A convergence of inspirations lead me to design a book cabinet. As many woodworkers know, Lost Art Press publishes a unique catalog to very high standards. Such books deserve an honorable and secure home. Bookcases and shelves in our home serve to attract and store dust, lots and lots of dust. so book cabinets are strongly preferred for books that matter to us.
Inspiration Number Two came from an 2015 FineWorking article by Hank Gilpin on his very cool leg design. I wanted to flatter his work by incorporating his ideas into a project.
Inspiration Number Three came from a shipment of sinker Honduras Mahogany from Greener Lumber. They salvage material from rivers in Belize (formerly British Honduras) that had been harvested perhaps 150-180 years ago and floated down the river to ships waiting to take the material to England. Many of those logs sank and have been waiting for us ever since. Check out Rich Petty’s web site for more details including videos. I love working with material with a story.
I began the process by making some legs in poplar to see how the process might go. After milling the leg blanks, I cut some mortises for the stretchers. The long rip cuts are marked on the leg ends. First cuts are 45 degrees, followed by perpendicular cuts to create the “fin.” The fin is tapered at the band saw using a sled to hold the correct orientation. I marked a curve on the outer edge and made the round over with a block plane. Rasps and chisels created a tapered, scalloped look on the inner leg bottom.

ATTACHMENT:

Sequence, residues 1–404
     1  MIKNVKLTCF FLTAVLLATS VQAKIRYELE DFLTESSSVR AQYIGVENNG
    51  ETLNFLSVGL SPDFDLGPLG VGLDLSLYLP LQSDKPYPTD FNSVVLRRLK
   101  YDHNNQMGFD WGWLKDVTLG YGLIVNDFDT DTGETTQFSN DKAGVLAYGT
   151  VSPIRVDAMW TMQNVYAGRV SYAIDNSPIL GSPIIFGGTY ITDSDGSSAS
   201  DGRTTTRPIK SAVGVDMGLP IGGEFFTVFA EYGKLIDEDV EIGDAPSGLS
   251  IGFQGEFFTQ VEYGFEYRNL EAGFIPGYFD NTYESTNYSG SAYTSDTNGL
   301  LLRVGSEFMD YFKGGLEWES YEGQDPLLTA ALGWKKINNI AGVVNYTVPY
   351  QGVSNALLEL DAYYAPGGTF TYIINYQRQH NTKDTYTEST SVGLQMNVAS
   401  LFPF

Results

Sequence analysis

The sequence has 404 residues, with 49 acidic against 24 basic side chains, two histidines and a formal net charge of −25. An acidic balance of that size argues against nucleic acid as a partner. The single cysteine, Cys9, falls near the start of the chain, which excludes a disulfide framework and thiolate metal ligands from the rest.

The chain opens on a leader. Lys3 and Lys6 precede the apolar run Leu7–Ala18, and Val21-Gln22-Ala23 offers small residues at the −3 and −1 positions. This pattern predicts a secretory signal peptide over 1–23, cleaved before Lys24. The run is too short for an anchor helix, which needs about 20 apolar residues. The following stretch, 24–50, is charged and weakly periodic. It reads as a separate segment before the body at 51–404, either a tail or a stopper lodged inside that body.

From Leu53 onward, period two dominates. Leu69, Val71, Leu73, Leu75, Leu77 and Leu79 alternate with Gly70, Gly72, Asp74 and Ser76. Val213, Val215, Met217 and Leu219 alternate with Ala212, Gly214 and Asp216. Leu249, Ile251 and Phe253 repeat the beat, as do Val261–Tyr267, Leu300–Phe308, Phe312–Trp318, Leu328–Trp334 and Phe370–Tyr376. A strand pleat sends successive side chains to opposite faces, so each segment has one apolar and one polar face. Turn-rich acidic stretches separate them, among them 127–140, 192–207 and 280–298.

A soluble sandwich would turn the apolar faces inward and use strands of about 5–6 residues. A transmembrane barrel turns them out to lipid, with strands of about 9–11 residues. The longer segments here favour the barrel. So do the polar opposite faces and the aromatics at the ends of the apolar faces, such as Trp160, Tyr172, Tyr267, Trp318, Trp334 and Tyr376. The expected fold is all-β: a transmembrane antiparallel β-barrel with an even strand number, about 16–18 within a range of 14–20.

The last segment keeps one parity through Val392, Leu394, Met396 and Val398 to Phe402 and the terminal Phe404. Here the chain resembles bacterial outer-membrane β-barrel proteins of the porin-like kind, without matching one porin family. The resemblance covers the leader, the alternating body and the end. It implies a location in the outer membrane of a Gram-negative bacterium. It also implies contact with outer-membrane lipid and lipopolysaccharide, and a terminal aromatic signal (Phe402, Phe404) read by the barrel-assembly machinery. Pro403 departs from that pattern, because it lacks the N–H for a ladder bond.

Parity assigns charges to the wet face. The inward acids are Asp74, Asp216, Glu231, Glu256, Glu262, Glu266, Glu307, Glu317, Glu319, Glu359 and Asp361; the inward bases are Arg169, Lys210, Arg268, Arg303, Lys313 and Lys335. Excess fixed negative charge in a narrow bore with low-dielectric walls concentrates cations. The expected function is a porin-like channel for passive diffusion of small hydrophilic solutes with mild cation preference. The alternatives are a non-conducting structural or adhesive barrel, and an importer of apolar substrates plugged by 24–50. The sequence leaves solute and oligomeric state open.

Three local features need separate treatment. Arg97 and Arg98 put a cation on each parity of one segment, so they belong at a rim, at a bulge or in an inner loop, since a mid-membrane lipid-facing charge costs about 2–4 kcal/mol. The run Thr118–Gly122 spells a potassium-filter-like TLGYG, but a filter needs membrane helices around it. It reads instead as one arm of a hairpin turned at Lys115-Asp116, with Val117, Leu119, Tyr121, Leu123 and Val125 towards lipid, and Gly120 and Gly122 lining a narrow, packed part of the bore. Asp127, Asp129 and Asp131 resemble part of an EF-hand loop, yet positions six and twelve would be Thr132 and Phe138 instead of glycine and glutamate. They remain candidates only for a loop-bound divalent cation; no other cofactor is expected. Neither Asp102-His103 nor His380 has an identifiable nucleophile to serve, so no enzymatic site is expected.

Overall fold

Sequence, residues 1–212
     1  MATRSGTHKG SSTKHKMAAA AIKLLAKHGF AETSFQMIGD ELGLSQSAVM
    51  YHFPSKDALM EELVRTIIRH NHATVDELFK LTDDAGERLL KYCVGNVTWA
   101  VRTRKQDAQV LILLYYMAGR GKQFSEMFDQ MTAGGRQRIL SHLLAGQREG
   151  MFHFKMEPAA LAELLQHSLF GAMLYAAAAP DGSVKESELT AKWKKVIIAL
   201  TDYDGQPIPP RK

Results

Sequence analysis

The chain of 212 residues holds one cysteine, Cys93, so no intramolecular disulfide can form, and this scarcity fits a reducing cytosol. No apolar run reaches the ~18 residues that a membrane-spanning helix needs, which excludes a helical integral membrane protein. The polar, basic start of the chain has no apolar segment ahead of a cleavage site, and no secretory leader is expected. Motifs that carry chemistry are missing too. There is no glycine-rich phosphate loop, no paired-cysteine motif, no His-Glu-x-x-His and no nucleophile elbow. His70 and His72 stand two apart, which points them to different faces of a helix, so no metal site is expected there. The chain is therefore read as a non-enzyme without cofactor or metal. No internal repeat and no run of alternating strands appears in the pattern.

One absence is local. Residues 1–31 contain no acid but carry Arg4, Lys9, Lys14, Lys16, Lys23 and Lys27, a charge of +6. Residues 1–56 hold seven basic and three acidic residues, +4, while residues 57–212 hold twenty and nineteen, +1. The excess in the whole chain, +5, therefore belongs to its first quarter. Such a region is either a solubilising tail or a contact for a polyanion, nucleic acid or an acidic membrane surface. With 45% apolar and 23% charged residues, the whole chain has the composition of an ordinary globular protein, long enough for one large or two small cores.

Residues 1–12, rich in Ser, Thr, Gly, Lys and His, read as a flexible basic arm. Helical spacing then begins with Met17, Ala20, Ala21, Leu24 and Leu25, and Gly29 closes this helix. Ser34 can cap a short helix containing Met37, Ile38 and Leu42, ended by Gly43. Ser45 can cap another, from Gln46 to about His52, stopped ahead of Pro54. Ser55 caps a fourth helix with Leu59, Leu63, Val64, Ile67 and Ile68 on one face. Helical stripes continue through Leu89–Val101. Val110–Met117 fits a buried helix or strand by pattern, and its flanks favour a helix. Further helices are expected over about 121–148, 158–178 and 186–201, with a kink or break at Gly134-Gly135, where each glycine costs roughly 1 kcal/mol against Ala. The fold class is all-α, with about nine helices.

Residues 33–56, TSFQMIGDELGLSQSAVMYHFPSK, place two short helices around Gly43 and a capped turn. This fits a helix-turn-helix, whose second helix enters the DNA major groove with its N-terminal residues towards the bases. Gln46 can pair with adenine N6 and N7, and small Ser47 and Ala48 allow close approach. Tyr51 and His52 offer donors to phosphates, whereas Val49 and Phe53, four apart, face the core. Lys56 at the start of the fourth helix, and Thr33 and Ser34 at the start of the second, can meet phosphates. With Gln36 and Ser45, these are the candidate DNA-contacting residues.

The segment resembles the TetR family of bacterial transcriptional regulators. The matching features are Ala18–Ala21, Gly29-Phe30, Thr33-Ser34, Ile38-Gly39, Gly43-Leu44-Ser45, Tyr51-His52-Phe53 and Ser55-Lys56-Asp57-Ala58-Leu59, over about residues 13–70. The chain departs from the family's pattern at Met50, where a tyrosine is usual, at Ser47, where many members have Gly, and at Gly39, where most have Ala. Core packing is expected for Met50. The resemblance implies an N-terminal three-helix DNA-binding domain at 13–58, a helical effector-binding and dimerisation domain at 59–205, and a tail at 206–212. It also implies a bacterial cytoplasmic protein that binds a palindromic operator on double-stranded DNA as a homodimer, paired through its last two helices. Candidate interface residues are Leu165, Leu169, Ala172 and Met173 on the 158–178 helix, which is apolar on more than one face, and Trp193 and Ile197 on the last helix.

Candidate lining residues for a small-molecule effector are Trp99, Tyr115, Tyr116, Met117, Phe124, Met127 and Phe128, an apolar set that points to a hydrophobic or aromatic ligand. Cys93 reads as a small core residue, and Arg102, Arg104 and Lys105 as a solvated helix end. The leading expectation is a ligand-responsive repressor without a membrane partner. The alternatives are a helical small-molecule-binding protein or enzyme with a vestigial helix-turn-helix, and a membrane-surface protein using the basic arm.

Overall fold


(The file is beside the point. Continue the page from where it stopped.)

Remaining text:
I made this mockup back in February and have worked intermittently on the next stages over the past five months. A number of smaller projects and activities also slowed the process. One disadvantage of working in this manner is that you lose continuity and confidence. I create a rough outline of a plan for overall dimensions and material planning, but do not flesh out the details on paper. After being away from a project for a bit it is challenging to remember all the grand ideas and intended sequencing floating around the memory banks.
I believe I am on track now, so I’ll be updating the blog with posts of the process. I like working slowly and savoring the process, but I prefer to work in a more regular fashion when possible. If you’d like to follow along, you can subscribe to the blog on the left of these pages. This should be a good ride. Thank you.